US9931714B2 - Methods and systems for removing interstitial material from superabrasive materials of cutting elements using energy beams - Google Patents

Methods and systems for removing interstitial material from superabrasive materials of cutting elements using energy beams Download PDF

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US9931714B2
US9931714B2 US14/851,973 US201514851973A US9931714B2 US 9931714 B2 US9931714 B2 US 9931714B2 US 201514851973 A US201514851973 A US 201514851973A US 9931714 B2 US9931714 B2 US 9931714B2
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material
volume
superabrasive material
energy beam
method
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Anthony A. DiGiovanni
Rocco DiFoggio
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Baker Hughes Inc
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    • BPERFORMING OPERATIONS; TRANSPORTING
    • B23MACHINE TOOLS; METAL-WORKING NOT OTHERWISE PROVIDED FOR
    • B23KSOLDERING OR UNSOLDERING; WELDING; CLADDING OR PLATING BY SOLDERING OR WELDING; CUTTING BY APPLYING HEAT LOCALLY, e.g. FLAME CUTTING; WORKING BY LASER BEAM
    • B23K26/00Working by laser beam, e.g. welding, cutting or boring
    • B23K26/36Removing material
    • B23K26/38Removing material by boring or cutting
    • EFIXED CONSTRUCTIONS
    • E21EARTH DRILLING; MINING
    • E21BEARTH DRILLING, e.g. DEEP DRILLING; OBTAINING OIL, GAS, WATER, SOLUBLE OR MELTABLE MATERIALS OR A SLURRY OF MINERALS FROM WELLS
    • E21B10/00Drill bits
    • E21B10/46Drill bits characterised by wear resisting parts, e.g. diamond inserts
    • E21B10/54Drill bits characterised by wear resisting parts, e.g. diamond inserts the bit being of the rotary drag type, e.g. fork-type bits
    • BPERFORMING OPERATIONS; TRANSPORTING
    • B23MACHINE TOOLS; METAL-WORKING NOT OTHERWISE PROVIDED FOR
    • B23KSOLDERING OR UNSOLDERING; WELDING; CLADDING OR PLATING BY SOLDERING OR WELDING; CUTTING BY APPLYING HEAT LOCALLY, e.g. FLAME CUTTING; WORKING BY LASER BEAM
    • B23K26/00Working by laser beam, e.g. welding, cutting or boring
    • B23K26/02Positioning or observing the workpiece, e.g. with respect to the point of impact; Aligning, aiming or focusing the laser beam
    • B23K26/06Shaping the laser beam, e.g. by masks or multi-focusing
    • B23K26/062Shaping the laser beam, e.g. by masks or multi-focusing by direct control of the laser beam
    • B23K26/0622Shaping the laser beam, e.g. by masks or multi-focusing by direct control of the laser beam by shaping pulses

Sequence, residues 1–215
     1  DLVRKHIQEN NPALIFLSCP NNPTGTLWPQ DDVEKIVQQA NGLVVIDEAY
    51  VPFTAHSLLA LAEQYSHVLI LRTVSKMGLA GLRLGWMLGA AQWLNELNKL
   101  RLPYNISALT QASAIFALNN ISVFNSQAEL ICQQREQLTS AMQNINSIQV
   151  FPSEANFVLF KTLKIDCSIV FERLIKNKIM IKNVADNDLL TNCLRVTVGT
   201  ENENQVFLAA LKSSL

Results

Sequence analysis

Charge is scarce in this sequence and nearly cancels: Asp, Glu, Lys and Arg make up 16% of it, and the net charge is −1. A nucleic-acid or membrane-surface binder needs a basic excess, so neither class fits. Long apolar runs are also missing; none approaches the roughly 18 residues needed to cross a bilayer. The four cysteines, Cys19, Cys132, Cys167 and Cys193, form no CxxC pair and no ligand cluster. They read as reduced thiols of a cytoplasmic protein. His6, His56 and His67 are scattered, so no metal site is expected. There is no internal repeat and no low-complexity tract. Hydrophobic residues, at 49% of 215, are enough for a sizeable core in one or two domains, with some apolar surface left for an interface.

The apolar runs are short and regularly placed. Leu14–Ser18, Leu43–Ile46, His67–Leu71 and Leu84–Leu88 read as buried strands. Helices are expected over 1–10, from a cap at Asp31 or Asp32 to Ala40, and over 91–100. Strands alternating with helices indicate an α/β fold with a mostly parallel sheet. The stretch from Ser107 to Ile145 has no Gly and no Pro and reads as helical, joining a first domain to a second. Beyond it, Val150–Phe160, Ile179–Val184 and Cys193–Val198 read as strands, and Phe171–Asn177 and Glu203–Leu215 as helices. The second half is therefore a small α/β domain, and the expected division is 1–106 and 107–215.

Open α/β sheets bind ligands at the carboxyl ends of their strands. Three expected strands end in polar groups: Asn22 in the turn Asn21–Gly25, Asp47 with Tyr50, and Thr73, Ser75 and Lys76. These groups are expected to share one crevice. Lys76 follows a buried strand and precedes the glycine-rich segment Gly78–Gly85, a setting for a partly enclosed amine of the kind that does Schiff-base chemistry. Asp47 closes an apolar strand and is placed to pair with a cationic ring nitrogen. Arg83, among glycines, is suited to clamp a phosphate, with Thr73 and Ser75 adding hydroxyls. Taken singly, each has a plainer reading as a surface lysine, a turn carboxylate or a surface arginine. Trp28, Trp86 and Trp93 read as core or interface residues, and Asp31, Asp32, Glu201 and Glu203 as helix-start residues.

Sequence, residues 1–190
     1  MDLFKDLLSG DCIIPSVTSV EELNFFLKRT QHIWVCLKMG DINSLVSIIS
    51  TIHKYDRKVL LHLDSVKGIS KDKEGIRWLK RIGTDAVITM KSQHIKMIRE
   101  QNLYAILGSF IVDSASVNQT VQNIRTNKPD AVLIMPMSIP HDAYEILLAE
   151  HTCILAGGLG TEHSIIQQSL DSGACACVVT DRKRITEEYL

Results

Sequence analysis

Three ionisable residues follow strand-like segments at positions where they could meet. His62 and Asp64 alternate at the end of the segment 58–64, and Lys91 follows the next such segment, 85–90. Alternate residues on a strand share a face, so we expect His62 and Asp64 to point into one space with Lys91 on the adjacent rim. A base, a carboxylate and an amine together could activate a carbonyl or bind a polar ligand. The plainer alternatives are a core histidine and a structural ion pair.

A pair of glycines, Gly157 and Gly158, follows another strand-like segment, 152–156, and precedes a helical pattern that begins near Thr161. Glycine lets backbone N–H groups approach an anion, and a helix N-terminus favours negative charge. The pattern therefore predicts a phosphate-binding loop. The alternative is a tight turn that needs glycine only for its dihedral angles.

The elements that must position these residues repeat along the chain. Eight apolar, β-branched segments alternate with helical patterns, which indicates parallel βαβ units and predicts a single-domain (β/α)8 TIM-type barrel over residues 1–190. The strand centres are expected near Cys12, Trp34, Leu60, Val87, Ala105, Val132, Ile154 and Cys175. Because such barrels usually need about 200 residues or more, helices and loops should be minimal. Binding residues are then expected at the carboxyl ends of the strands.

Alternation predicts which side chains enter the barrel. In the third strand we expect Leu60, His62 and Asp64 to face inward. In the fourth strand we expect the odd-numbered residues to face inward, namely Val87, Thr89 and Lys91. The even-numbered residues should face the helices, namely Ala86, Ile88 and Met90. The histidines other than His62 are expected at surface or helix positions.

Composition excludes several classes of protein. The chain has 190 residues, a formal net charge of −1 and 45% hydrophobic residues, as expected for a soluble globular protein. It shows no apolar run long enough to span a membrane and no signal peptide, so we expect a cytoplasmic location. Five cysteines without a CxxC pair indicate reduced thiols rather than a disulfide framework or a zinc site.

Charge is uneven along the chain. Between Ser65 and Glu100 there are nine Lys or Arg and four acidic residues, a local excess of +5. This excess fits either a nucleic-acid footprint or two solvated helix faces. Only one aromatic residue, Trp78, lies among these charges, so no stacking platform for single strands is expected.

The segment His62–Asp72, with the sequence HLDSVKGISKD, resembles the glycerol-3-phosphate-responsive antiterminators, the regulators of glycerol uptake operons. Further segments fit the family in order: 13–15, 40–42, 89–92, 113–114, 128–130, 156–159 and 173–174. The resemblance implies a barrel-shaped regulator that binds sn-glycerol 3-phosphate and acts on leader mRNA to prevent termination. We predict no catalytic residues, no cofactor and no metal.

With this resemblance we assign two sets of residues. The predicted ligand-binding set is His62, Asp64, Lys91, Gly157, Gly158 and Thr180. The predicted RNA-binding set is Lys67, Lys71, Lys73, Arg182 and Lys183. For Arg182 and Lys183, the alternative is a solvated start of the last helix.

• BPERFORMING OPERATIONS; TRANSPORTING
    • B23MACHINE TOOLS; METAL-WORKING NOT OTHERWISE PROVIDED FOR
    • B23KSOLDERING OR UNSOLDERING; WELDING; CLADDING OR PLATING BY SOLDERING OR WELDING; CUTTING BY APPLYING HEAT LOCALLY, e.g. FLAME CUTTING; WORKING BY LASER BEAM
    • B23K26/00Working by laser beam, e.g. welding, cutting or boring
    • B23K26/02Positioning or observing the workpiece, e.g. with respect to the point of impact; Aligning, aiming or focusing the laser beam
    • B23K26/06Shaping the laser beam, e.g. by masks or multi-focusing
    • B23K26/062Shaping the laser beam, e.g. by masks or multi-focusing by direct control of the laser beam
    • B23K26/0622Shaping the laser beam, e.g. by masks or multi-focusing by direct control of the laser beam by shaping pulses
    • B23K26/0624Shaping the laser beam, e.g. by masks or multi-focusing by direct control of the laser beam by shaping pulses using ultrashort pulses, i.e. pulses of 1ns or less
    • BPERFORMING OPERATIONS; TRANSPORTING
    • B23MACHINE TOOLS; METAL-WORKING NOT OTHERWISE PROVIDED FOR
    • B23KSOLDERING OR UNSOLDERING; WELDING; CLADDING OR PLATING BY SOLDERING OR WELDING; CUTTING BY APPLYING HEAT LOCALLY, e.g. FLAME CUTTING; WORKING BY LASER BEAM
    • B23K26/00Working by laser beam, e.g. welding, cutting or boring
    • B23K26/02Positioning or observing the workpiece, e.g. with respect to the point of impact; Aligning, aiming or focusing the laser beam
    • B23K26/06Shaping the laser beam, e.g. by masks or multi-focusing
    • B23K26/064Shaping the laser beam, e.g. by masks or multi-focusing by means of optical elements, e.g. lenses, mirrors or prisms
    • B23K26/0643Shaping the laser beam, e.g. by masks or multi-focusing by means of optical elements, e.g. lenses, mirrors or prisms comprising mirrors
    • BPERFORMING OPERATIONS; TRANSPORTING
    • B23MACHINE TOOLS; METAL-WORKING NOT OTHERWISE PROVIDED FOR